Information and Reflections
National Indigenous Veterans Day November 8th and Remembrance Day November 11th
Indigenous Veterans: equals on the battlefields but not at home. At the time of the First World War, First Nations were exempt from conscription because they were not considered citizens of Canada. They did not have the right to vote. Over the years the rules have changed, making it more accessible for Indigenous people to join the Canadian Armed Forces. Indigenous people have dual citizenship making it easier for our young people to join the United States Marines, United States Army and United States Navy.
November 8th, National Indigenous Veterans Day and Remembrance Day, November 11th are significant to Indigenous people, who take part to specifically remember those Indigenous people who sacrificed their livelihood, their culture, and for many, their lives, in order to serve Canada. Over 12,000 Indigenous people volunteered in all three wars and approximately 300 lost their lives.
It wasn’t until 2003 that Indigenous veterans were provided veterans’ benefits. There is a National Indigenous Veterans monument in Ottawa, Ontario.
Not only did Indigenous Veterans not receive the same assistance as other veterans under the War Veterans Allowance Act, and instead found that when they returned home after fighting overseas for Canada, they were no longer considered First Nations because the Indian Act specified that Indigenous people leaving the reserve for four years or longer were no longer members of their First Nation; considered to have enfranchised.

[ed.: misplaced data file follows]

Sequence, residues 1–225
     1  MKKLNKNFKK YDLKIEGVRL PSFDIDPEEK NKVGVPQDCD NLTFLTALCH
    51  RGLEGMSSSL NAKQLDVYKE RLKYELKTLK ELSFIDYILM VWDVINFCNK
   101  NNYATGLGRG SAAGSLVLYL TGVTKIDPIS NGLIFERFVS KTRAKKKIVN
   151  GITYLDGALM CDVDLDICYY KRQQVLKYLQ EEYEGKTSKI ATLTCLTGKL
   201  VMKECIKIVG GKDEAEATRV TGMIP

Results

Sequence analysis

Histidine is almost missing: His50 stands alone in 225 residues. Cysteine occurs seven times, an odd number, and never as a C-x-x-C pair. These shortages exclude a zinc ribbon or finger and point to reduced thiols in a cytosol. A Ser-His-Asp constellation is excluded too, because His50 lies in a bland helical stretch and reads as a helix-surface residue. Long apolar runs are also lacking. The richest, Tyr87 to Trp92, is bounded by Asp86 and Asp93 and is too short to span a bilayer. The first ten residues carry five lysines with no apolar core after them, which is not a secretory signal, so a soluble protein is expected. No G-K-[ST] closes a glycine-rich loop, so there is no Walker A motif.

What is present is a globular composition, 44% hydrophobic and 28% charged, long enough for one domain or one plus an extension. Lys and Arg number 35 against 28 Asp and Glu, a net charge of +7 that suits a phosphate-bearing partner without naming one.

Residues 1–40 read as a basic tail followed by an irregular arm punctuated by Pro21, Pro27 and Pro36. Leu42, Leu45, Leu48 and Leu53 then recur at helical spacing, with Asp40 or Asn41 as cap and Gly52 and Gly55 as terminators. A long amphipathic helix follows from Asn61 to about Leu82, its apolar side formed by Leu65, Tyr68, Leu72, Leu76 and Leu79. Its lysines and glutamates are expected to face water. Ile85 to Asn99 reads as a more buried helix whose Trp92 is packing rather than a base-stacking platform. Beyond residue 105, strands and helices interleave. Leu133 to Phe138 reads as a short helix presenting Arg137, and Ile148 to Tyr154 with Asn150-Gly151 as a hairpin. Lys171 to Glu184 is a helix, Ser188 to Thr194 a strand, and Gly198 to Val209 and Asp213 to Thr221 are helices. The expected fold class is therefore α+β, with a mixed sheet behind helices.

Thousands of First Nations, Metis, Inuit men and women have served bravely and well in uniform. Today, I am proud to lift up the names, (Late) Joseph Smith Littlechild and (Late) Alex Georgie Minde and (Late) Abel McLeod and to remember many more from my Cree communities of Maskwacis, AB and James Smith Cree Nation, SK. A note to mention is that (Late) Joseph Smith Littlechild was the father of Chief Wilton Littlechild, Truth and Reconciliation commissioner.
Charlene Burns, Community Capacity Development Coordinator, Indigenous Ministries and Justice
~ published on The United Church of Canada’s Facebook page on November 8, 2021
Pacific Mountain Regional Council Indigenous Ministry shared a video reflection with scripture for the 2021 National Aboriginal Veterans Day and Remembrance Day provided by Indigenous Minister, the Rev. John Snow Jr.
For more information on the history and service of Indigenous Veterans, visit this Veterans Affairs Canada webpage.
The National Centre for Truth and Reconciliation posted “Remembering Indigenous Soldiers” on its website.